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Trekking doesn’t get better than this – The Cordillera Blanca

27 Nov

You could be forgiven for thinking that whilst visiting Peru’s most mountainous area of the Cordillera Blanca and the second highest mountain range in the world after the Himalayas, you’d feel somewhat small in stature, dwarfed in the knowledge you are surrounded by more than 20 enormous summits over 6,000 metres. Instead, upon arrival in South America’s number one hotspot for trekking and adventure sports, we felt our chests fill with fresh air, our backs straighten and our legs tingle as we got ready to come face-to-face with these giants.

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Lima – a love-hate relationship

18 Nov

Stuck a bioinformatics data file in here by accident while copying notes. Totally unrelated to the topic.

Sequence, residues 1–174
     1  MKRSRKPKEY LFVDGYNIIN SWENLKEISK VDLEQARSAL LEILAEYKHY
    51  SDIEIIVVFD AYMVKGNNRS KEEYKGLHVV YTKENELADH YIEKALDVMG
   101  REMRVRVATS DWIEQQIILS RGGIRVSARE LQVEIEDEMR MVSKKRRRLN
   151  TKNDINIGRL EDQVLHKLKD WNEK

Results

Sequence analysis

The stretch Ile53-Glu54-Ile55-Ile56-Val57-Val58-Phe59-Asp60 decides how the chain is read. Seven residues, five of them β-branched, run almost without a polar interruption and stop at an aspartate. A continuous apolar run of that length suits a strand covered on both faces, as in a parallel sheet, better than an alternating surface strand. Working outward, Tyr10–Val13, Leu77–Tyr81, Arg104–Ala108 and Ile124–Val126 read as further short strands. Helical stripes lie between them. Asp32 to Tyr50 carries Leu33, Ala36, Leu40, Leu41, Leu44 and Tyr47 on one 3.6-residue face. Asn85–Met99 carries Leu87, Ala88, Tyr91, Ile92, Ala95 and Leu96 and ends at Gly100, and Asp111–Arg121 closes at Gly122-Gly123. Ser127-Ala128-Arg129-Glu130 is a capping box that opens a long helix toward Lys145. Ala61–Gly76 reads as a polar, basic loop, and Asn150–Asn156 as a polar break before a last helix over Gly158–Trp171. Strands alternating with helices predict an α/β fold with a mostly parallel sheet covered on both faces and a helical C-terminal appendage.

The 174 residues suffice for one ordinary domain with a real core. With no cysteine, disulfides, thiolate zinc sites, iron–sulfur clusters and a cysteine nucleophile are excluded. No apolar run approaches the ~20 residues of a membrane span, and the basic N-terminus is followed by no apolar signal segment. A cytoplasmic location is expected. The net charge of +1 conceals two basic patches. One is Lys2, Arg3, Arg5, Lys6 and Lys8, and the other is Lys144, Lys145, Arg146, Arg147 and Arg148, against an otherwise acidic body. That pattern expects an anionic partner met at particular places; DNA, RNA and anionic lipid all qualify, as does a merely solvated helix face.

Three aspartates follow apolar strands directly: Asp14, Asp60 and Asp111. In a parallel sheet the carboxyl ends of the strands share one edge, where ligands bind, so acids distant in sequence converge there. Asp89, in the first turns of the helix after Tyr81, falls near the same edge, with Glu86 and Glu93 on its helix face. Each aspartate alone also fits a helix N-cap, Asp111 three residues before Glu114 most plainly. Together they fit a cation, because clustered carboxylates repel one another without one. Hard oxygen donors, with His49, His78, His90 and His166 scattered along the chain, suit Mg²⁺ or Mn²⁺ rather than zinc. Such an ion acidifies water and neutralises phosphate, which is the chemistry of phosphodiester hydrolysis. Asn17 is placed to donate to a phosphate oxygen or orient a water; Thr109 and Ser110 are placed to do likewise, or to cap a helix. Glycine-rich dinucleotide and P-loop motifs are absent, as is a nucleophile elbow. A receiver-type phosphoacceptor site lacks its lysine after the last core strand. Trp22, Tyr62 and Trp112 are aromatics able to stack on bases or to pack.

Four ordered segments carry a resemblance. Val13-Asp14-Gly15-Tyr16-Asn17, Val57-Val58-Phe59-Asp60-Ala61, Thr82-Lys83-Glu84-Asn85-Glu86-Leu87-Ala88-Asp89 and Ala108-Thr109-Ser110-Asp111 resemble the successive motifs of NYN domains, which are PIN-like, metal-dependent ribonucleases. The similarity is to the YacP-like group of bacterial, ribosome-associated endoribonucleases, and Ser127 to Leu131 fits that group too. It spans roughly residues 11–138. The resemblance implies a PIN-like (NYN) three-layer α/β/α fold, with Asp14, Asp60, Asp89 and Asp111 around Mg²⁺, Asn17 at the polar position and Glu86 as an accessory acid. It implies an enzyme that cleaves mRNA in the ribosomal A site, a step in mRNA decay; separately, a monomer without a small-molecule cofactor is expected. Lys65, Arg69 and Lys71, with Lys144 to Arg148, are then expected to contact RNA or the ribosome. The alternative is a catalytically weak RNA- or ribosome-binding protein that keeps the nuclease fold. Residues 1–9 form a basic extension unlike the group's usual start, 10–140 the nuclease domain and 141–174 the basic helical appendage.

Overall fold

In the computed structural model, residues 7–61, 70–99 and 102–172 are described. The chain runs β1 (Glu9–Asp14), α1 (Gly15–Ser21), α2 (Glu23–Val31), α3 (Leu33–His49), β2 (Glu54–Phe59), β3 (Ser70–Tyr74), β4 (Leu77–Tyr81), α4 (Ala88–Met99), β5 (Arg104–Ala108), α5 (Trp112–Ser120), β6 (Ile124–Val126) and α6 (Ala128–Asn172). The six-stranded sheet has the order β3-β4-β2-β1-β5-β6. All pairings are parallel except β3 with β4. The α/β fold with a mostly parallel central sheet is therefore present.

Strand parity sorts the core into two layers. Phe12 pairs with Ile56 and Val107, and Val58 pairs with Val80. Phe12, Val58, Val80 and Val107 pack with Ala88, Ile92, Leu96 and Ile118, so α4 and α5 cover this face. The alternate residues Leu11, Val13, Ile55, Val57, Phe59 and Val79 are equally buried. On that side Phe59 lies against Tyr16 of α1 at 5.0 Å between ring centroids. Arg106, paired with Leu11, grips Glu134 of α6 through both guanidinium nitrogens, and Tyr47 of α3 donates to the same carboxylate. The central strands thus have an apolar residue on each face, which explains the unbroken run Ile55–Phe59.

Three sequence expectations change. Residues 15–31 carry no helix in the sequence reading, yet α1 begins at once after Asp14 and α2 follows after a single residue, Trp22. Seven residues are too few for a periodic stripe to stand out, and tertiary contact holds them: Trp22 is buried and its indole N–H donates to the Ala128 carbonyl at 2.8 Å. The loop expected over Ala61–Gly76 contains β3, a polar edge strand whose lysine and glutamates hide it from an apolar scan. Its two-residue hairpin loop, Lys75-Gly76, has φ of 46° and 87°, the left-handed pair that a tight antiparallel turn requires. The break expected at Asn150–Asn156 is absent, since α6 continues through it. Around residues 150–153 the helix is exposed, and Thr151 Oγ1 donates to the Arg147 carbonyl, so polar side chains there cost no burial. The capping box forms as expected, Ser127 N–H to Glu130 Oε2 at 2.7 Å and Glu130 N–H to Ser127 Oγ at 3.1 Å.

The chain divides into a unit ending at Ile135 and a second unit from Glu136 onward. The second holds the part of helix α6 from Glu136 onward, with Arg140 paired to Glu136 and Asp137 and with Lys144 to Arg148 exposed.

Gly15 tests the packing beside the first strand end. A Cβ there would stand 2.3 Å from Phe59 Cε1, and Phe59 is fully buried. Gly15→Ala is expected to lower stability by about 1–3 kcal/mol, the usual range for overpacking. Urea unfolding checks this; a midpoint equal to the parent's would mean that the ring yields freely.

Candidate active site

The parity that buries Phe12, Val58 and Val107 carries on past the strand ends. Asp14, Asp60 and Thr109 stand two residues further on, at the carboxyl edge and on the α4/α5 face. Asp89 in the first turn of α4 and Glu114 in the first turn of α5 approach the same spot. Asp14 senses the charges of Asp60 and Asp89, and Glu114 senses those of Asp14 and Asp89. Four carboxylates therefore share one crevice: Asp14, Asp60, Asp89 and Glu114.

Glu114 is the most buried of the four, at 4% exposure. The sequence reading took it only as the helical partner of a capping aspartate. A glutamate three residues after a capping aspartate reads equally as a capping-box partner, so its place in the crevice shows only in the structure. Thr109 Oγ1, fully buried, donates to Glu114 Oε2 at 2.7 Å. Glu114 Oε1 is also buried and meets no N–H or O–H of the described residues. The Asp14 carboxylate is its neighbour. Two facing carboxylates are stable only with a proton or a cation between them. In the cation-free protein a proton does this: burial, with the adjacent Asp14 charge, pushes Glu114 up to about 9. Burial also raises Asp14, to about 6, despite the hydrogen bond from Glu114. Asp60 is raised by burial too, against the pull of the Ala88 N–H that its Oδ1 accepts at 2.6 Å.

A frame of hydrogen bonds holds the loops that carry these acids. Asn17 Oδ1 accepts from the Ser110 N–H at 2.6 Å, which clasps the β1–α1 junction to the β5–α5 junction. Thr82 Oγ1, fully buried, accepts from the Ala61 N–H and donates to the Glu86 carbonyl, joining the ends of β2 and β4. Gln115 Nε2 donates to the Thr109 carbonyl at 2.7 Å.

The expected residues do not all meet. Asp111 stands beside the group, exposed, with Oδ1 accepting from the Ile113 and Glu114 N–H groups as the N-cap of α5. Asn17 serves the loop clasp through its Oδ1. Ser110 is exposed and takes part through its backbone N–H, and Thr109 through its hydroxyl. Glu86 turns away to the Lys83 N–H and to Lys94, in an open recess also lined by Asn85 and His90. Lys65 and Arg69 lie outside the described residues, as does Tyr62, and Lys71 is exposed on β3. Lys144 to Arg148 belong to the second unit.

It gripped us around the throat and slapped us hard in the face. Our first impression of Lima, Peru’s massive capital city, were not favourable. Our bus crawled painfully bumper-to-bumper through lanes of traffic jams for nearly 1.5 hours to reach the central bus terminal. Black smoke belched out from the cars and buses around us and an endless cacophony of car horns told of people’s daily frustrations. With large proportions of the city’s 8 million inhabitants crammed into shanty towns and dilapidated buildings on the outskirts of the city, the grey, unattractive urban mass sprawled in every direction. The blue skies we’d had elsewhere in Peru, had been replaced with a blanket of clouds and a chilly drizzle swept across the city from the coastline on which it sits. We noticed homeless people sleeping on the streets and shady characters hanging around on corners and, without thinking, we’d picked up our bags from the floor and were holding them tightly on our laps. If it’s true that first impressions count and you can make your mind up about someone or somewhere within the first 10 seconds, Lima would need to go on a charm offensive to win us round.